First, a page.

Cervical Cancer Today: Survey of ob/gyn behaviors and attitudes

August 1, 2020

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Volume 1, Issue 1

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Given the threat of cervical cancer to women’s health, guidelines for cervical cancer screening by the American College of Obstetricians and Gynecologists recommend screening with the Pap test and human papillomavirus (HPV) test together every 5 years for women age 30 to 65 years and cytologic testing alone every 3 years for women age 21 to 29 years.1 A wealth of data—including a recently published longitudinal Quest Diagnostics Health Trends™ study—affirm cotesting as the most effective screening strategy for women age 30 to 65 years.2 But to what extent do obstetrician/gynecologists (ob/gyns) agree with and follow guidelines, and how do they differ or deviate from women’s healthcare providers (HCPs) as a whole?

Through a survey of ob/gyns, nurse practitioners, and primary care physicians conducted by the National Association of Nurse Practitioners in Women’s Health (NPWH) and HealthyWomen, we find Ob/gyns, as well as all of these HCPs combined, are unified in their support for and continued use of the Pap test and cotesting for cervical cancer screening.3 We found similar support was noted from patients, which is important to consider when providing them care. There are differences, however, in perception of the effect of guidelines on women’s health, preferences for screening frequency, report of patient screening practice, and perceived patient knowledge about cervical cancer by ob/gyn experience.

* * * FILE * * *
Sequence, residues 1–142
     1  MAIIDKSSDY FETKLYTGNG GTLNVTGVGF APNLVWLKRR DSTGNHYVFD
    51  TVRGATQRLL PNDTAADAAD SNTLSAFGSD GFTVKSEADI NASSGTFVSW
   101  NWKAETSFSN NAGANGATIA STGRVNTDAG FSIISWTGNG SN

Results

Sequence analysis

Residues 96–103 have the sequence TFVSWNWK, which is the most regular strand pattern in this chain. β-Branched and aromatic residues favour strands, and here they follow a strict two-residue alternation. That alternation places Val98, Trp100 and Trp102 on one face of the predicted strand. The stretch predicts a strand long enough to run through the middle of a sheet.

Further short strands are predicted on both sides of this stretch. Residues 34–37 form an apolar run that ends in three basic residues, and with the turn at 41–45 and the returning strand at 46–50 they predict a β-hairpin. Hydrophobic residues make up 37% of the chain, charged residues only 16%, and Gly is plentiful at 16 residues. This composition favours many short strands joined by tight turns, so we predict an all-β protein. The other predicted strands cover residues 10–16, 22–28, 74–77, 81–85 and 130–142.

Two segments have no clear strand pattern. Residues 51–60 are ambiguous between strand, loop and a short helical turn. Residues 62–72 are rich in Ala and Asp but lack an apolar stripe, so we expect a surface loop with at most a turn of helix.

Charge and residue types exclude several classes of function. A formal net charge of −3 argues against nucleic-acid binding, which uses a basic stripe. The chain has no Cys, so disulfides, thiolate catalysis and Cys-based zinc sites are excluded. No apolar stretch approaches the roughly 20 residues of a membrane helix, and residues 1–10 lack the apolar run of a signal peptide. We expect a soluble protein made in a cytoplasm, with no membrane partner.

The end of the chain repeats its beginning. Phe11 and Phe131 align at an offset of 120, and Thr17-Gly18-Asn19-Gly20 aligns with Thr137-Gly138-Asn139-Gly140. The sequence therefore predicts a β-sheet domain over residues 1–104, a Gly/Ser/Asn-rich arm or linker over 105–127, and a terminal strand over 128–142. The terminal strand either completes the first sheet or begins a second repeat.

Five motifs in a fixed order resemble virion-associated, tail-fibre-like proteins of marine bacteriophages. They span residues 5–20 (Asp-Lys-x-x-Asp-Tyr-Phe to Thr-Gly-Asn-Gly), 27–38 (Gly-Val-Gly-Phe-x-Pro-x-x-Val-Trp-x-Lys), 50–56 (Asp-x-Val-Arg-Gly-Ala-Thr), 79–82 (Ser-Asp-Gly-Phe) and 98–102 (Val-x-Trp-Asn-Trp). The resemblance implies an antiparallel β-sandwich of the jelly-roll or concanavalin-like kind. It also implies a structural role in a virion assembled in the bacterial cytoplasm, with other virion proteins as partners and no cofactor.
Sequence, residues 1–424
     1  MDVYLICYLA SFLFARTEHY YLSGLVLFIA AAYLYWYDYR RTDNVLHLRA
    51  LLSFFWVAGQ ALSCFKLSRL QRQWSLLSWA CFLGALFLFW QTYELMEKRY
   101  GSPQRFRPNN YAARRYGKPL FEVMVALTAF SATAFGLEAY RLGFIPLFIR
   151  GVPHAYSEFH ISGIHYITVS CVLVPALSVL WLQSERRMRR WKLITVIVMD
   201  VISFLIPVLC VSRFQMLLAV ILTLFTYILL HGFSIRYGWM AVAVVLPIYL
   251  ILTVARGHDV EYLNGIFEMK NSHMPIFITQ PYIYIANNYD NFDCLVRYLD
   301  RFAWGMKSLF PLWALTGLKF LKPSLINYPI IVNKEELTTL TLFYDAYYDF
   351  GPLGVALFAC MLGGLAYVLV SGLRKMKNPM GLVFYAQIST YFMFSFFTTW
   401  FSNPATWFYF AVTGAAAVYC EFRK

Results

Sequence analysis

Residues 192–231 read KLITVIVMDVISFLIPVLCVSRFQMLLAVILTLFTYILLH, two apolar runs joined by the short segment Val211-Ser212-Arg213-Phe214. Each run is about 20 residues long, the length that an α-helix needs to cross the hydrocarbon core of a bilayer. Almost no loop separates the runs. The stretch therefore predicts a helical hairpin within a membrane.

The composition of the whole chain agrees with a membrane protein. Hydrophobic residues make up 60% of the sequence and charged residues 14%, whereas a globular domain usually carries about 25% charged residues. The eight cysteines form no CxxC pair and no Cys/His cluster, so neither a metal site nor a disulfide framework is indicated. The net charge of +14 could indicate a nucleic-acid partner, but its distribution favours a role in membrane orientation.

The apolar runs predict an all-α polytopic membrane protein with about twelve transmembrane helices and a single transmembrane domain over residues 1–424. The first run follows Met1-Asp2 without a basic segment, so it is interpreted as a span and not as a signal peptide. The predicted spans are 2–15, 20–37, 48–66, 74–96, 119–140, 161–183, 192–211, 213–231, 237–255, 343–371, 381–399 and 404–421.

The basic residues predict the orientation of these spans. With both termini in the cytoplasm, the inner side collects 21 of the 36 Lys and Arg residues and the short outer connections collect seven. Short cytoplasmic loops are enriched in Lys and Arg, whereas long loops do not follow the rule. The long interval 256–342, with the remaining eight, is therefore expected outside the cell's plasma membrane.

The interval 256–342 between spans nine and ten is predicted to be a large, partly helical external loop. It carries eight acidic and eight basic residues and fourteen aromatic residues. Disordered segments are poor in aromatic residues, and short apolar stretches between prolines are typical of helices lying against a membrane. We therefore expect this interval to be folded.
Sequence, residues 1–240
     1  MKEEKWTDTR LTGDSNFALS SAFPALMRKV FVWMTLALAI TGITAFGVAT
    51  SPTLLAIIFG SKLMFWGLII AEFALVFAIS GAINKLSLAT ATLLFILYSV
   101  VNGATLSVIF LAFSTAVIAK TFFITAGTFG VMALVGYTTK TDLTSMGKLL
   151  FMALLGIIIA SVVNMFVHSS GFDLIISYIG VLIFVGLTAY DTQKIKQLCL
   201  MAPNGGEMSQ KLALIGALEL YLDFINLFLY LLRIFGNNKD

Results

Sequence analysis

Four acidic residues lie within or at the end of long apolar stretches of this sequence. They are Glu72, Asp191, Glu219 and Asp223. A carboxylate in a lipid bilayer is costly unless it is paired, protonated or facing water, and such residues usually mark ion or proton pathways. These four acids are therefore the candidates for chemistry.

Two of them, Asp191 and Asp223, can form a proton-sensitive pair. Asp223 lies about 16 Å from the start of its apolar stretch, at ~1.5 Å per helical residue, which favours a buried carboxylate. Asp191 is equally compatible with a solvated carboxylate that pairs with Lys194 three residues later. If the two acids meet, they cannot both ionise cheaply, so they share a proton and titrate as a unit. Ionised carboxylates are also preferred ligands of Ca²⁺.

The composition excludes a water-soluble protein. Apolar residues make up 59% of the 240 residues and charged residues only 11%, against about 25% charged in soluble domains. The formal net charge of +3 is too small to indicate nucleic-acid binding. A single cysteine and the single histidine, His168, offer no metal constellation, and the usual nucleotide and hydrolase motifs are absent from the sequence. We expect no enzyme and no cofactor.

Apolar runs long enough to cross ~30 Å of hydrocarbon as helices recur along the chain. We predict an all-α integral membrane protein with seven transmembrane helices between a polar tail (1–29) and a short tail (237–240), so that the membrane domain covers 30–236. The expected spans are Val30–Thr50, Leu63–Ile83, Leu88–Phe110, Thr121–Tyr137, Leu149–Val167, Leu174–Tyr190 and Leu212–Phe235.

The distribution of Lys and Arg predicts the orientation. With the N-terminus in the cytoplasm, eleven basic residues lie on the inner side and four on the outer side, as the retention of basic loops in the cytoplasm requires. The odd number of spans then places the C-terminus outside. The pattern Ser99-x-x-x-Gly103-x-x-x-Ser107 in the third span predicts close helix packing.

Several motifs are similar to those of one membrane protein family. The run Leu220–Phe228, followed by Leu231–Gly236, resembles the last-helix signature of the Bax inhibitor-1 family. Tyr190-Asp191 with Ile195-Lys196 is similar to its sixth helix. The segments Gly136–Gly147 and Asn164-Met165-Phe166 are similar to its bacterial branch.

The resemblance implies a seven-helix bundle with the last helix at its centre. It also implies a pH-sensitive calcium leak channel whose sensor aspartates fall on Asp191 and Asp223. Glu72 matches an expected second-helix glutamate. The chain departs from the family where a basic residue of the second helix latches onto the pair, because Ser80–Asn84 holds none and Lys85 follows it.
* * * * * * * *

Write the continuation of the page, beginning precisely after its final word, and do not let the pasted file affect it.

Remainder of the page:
Ob/gyns more likely to use Pap test compared to all HCPs

Ob/gyns recognize the value of the Pap test in screening for cervical cancer (94% ob/gyns, 95% all HCPs combined). Additionally, 94% of ob/gyns and 92% of all HCPs combined say the Pap test is an effective tool for managing the risk of cervical cancer (Figure 1). As well, 87% of ob/gyns say the Pap test itself is a primary reason their patients receive annual health checkups. Moreover, ob/gyns are more concerned that eliminating the Pap test from frontline cervical cancer screening will have a negative impact on women’s health (66% vs 61%).

Less than 1% of HCPs screen using HPV alone, demonstrating nearly universal agreement across all types of HCPs that screening with HPV alone is less effective than use of the Pap test and/or cotesting. In considering risks associated with HPV only testing without a Pap test, ob/gyns are most fearful about a positive diagnosis with no treatment options offered to patients (58%), more recommendations for colposcopies (57%), and higher rates of missed diagnoses (52%). These concerns are not surprising given previous research showing that screening with HPV alone could miss up to 1 in 5 cervical cancer cases.4 Considering the high prevalence of HPV, particularly among women younger than age 30 years, it is critical to discern which cases are most likely to progress to invasive disease to avoid unnecessary treatment. All of these concerns culminate in ob/gyns saying they are more likely (88% vs 82%) to continue using the Pap test as part of their cervical screening practices for the foreseeable future (Figure 1).